Also of interest...at the old ball game
Baseball in the Garden of Eden by John Thorn; Branch Rickey by Jimmy Breslin; Campy by Neil Lanctot; 56 by Kostya Kennedy
Baseball in the Garden of Eden
by John Thorn
(Simon & Schuster, $26)
Major League Baseball’s newly minted official historian has written a “crisp and entertaining” book debunking many half-truths about our national pastime, said Alex Belth in Sports Illustrated. Using original research, John Thorn definitively settles the dispute over whether Abner Doubleday created the game in Cooperstown, N.Y., (he didn’t), and shows how the sport rose to prominence “because of, not in spite of, gambling.” In Thorn’s telling, the early game’s hucksters and prevaricators prove more compelling than its honest dealers.
by Jimmy Breslin
Branch Rickey, the man who integrated baseball by bringing Jackie Robinson to the Brooklyn Dodgers, “is not nearly as famous as he ought to be,” said Julia Keller in the Chicago Tribune. “Irked to no end” by this fact, Pulitzer Prize–winning author Jimmy Breslin seeks to set the record straight. Breslin’s “seriously entertaining book” evokes the “rough, red meat world of professional sports in the first half of the 20th century” while paying “grand tribute to the man who became baseball’s conscience.”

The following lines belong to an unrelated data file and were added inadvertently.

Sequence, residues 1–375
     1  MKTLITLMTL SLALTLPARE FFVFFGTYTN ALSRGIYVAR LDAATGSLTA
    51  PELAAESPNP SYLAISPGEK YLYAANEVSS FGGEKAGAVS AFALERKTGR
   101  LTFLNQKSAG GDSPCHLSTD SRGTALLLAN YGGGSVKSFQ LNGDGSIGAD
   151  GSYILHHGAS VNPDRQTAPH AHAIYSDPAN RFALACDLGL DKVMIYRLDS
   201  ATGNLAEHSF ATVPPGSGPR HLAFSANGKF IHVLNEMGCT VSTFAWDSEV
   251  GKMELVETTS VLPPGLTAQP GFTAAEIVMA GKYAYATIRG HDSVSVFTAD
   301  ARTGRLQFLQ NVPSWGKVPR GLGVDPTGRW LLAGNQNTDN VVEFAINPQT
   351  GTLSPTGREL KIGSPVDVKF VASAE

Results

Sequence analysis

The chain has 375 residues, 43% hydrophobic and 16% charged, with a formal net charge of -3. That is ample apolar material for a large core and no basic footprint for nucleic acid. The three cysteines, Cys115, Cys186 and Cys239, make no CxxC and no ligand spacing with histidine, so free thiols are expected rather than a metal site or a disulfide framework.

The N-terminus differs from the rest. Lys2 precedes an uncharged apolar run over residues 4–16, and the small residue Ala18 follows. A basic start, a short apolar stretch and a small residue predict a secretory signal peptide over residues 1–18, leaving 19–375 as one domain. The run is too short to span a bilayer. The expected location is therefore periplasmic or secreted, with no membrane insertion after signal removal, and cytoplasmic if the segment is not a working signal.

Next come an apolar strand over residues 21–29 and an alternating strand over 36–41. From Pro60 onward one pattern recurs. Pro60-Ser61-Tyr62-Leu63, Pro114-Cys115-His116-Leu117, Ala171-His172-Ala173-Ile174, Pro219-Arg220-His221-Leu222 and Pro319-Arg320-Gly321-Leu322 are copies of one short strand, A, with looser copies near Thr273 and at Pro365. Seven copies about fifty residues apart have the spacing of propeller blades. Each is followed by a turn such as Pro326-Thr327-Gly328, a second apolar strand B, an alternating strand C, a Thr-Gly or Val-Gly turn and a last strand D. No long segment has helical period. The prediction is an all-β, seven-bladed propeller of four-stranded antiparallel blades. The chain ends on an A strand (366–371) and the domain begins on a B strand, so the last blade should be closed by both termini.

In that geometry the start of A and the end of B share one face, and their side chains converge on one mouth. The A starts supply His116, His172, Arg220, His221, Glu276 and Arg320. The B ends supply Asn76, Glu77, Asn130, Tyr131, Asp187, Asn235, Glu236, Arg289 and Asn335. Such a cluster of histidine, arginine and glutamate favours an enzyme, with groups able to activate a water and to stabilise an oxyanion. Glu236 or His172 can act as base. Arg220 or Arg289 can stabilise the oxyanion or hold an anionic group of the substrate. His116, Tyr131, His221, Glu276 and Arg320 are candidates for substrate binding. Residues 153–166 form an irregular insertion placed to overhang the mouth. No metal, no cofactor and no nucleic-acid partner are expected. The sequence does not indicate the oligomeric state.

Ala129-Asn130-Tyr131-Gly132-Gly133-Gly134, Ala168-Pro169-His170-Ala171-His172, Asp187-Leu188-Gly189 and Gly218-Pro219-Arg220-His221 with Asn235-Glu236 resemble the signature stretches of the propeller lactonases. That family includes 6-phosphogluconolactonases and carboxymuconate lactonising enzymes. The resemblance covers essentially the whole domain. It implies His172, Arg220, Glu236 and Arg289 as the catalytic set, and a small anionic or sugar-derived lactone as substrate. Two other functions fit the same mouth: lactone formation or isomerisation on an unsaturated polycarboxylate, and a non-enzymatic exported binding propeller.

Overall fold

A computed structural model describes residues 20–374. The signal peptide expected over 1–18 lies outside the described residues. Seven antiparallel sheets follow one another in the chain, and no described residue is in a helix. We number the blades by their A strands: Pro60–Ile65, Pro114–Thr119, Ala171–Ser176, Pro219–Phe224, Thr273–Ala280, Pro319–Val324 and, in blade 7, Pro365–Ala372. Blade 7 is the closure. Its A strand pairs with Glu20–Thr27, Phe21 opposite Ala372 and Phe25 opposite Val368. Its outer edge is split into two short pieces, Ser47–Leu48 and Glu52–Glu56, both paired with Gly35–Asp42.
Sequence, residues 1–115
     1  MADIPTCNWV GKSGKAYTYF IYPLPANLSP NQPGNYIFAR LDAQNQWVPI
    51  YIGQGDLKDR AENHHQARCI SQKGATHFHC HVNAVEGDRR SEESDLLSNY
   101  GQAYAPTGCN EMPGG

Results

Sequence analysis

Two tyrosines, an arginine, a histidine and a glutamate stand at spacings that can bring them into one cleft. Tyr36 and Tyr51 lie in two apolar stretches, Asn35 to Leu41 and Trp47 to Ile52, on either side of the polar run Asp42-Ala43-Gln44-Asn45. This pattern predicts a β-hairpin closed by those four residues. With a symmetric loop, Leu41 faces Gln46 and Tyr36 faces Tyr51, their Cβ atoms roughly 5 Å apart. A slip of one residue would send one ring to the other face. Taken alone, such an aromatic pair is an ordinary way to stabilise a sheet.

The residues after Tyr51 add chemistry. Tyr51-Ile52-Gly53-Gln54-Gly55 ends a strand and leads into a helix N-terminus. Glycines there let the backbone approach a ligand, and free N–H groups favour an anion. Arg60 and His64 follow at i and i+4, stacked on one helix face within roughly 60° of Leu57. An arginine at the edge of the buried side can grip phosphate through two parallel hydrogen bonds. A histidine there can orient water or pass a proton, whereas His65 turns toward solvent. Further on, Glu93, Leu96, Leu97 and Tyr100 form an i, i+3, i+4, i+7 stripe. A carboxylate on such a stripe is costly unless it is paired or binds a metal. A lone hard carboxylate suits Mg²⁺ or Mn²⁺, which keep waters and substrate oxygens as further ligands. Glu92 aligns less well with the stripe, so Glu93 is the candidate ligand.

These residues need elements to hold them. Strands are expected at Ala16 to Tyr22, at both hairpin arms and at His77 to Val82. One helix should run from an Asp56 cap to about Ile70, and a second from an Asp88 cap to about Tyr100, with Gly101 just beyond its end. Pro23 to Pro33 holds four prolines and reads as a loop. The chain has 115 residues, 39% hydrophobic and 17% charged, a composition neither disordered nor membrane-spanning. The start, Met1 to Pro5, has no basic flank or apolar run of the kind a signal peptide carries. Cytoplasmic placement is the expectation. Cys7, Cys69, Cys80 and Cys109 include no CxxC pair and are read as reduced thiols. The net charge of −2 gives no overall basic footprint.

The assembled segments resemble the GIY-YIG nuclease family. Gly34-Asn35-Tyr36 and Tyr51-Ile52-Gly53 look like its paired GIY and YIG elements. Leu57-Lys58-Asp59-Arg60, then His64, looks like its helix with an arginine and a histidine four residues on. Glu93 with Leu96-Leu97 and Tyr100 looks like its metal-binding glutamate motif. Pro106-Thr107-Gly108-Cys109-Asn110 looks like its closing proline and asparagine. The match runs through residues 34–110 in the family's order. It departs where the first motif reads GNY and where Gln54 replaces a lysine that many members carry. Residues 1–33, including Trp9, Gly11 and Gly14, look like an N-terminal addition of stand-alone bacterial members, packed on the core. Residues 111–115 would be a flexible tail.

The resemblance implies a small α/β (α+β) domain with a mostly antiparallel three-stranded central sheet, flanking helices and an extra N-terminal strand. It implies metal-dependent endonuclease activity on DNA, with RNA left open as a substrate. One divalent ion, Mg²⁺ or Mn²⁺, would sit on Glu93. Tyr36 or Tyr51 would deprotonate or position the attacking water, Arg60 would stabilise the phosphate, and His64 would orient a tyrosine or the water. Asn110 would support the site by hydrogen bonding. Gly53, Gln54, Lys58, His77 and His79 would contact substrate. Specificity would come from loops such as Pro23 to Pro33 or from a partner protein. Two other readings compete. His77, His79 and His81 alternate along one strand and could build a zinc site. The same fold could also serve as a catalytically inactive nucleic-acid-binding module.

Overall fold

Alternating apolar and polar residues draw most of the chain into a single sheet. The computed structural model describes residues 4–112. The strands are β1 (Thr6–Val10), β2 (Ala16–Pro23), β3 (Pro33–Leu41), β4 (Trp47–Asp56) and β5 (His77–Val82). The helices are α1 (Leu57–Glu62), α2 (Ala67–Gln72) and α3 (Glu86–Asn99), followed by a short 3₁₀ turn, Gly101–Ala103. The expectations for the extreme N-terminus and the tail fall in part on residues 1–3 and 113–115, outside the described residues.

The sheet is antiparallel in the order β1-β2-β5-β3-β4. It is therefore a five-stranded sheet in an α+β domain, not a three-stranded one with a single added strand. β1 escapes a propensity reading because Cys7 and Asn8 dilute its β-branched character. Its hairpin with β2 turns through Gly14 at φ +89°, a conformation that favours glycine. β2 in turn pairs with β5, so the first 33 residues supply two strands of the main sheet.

by Neil Lanctot
(Simon & Schuster, $28)
“As the second great black ballplayer to join Rickey’s Dodgers, Roy Campanella had it easier, and tougher,” said Chris Foran in the Milwaukee Journal Sentinel. Jackie Robinson bore the brunt of white prejudices, but Campanella, who would become a Hall of Fame catcher, “did not get his share of the credit.” Neil Lanctot’s “aggressively reported” biography inspires as it charts both Campanella’s rise from the streets of Philly and also his “second life,” following a 1958 car crash, as a quadriplegic and advocate for the disabled.
by Kostya Kennedy
(Sports Illustrated, $27)
There have been 17,290 athletes who have played in the majors, but only one who got a hit in 56 consecutive games, said Allen Barra in Newsday. In sparkling prose, Kostya Kennedy captures the excitement of the summer of 1941, when a nation bracing for war relieved anxiety by following Joe DiMaggio’s monumental streak. “You can almost smell the marinara sauce simmering and hear the crackling of radios” as Americans tuned in daily to see whether the great DiMaggio got another hit.